Somerset Maugham said if you want to eat well in Wales, read Doug Lang three times a day, and Doug Lang said, “All breakfast food is sexual.” Regarding the first tidbit, I kid, of course, but be that as it may, I hold the following syllogism to be true: Doug Lang’s new work, dérangé, is breakfast food / All breakfast food is sexual / dérangé, is sexual. How else to construe 106 pages of sonnets constructed by the man who in, but not of, a world of bad music, bad news, bad puns, knows no bad whiskey? In dérangé,, poetry enters the squared circle to take on art, math, science, language, the classics, the weather, politics, gossip, friends, foes, faith, history, health, disease, code, tragedy, comedy, the tragical-comical-historical-pastoral, love, hate, vengeance, the Renaissance, plague, the Enlightenment, death, Romanticism, confusion, Modernism, war, Post-Modernism, Colonialism, wealth, Post-Structuralism, poverty, and even poetry itself, and instead of every man for himself, they establish an alliance that is both holy and whole. There are no holes. The range is complete and every sonnet is unique. Take for instance, the very cerebral and ballsy “Nogoroboro sonnet” (71):
Then, once you’ve come down from your “WTF?”—and yes, even the lingua franca of the internet gets its due diligence in “Paradise Dude sonnet” (29)—you get a double sonnet, “Lakeland double sonnet” (72-73), in the form of a travelogue of the topography of the turf of the Lake Poets, Wordsworth, Coleridge & Southey.
Every poem is singular and intriguing. No stone is left unturned; all subjects are left upended. Every form takes on a new form. Some sonnets enjamb into other sonnets. Some return, recur, in the form of cryptogram, such as the early “Stein of Moggok sonnet” (10, 12) the later “Big Box sonnet” (20, 21, 23), and the very late “Vasko sonnet” (101, 102).
The three sections that compile this ever so slightly, almost seemingly somewhat eponymously titled collection—dérangé, réarrangé, and Strangé—comply to form an interesting triptych of intermingling images and identities of now and then and whatever the hell may come next. These poems are not hyper-reflective; rather, they are concerned with testing patterns and challenging poetic parameters. Still, nearly forty years of living and writing in the land of documents and monuments has given him plenty to work with. In matters political, Lang lets the right wing know what the left wing is dealing with a blow that can really be felt in the midsection, réarrangé, especially in the piece “Fane-changer sonnet”:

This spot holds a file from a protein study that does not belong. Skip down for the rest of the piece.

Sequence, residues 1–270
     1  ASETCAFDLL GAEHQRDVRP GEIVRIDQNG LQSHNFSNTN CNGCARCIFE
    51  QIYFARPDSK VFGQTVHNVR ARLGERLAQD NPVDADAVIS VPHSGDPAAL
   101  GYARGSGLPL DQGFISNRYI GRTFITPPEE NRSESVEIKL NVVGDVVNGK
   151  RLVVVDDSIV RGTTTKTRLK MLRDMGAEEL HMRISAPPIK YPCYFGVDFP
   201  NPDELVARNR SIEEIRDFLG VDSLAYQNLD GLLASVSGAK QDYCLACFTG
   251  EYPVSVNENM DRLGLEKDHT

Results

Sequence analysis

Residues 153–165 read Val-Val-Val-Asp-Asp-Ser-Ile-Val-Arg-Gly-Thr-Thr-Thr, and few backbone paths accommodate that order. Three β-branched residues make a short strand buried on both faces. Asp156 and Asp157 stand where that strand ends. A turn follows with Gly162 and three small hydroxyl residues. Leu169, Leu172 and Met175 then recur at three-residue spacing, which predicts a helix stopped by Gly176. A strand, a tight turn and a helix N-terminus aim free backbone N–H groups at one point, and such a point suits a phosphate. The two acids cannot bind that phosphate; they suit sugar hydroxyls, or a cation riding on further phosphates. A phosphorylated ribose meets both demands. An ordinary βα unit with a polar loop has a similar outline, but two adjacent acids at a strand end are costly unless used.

Don’t let Issa’s verbal ineptitude or crime-ridden past fool you: Issa is itching, Issa is an idiot, Issa is the Arabic translation of the English name Jesus, Issa is on Twitter, Issa less said. It is raining in the capital, I’m in DC but DC ain’t in me. Ah, ha ha ha ha stayin’ alive stayin’ alive, ha ha ha stayin’ alive. All the creatures in the world are but one being. Stem-cell wikileak halt prescription obama dalai lama multipolar 10% cairo speech hat deat-heat negative sweeter data-storage bauxite… (37).
But in “Europe sonnet,” he concludes this ample third of the book by treating us to a trip back to Wales in a sonnet that serves as a kind of thesis, or mission statement, or perhaps most revelatory précis to the overall big piece:
I spent time with Alan Burns in July 1966 at the Royal St. David’s Hotel bar. He was Calder’s wonderboy. I heard him read Artaud translations to a good-sized audience consisting largely of middle-aged and older Welsh Methodist women in the Great Hall at Coleg Harlech. “I fuck you in the ass, God!” Total silence. Taking its title from a painting by Max Ernst, Europe After the Rain established him as a kind of infra-realist. Set in the unspecified future in a Europe devastated by internecine strife within “the party,” it deals with ruined figures in a ruined landscape, purposelessly dedicated to “the work” which is the only thing the party will reward with the food necessary to keep alive… (45).
The result, as the poem concludes, is a “surreal assemblage of events, images, even syntactical arrangements/that challenge the reader’s comfortable assumptions…” about what a poem is or can be.
This book is a tribute to poetry, man’s constant companion, for better and for worse and even the worse is better. One gets a real sense that every word and bit of space is tended with the kind of “moral botany” that gets pointed out in “Gizmondo sonnet” (59). In dérangé,, Doug Lang shows us that though intimacy between time-tested traditions and truths and one’s own may be intricate, it is still very possible with hope for endurance. Let’s just say that if it can be thought or said, then it is all thought and said right here. Poems as authentic and intense as these are as rare as any belied with false compare. Or shall I say, well done, and in the spirit of Welsh football… Up the Swans!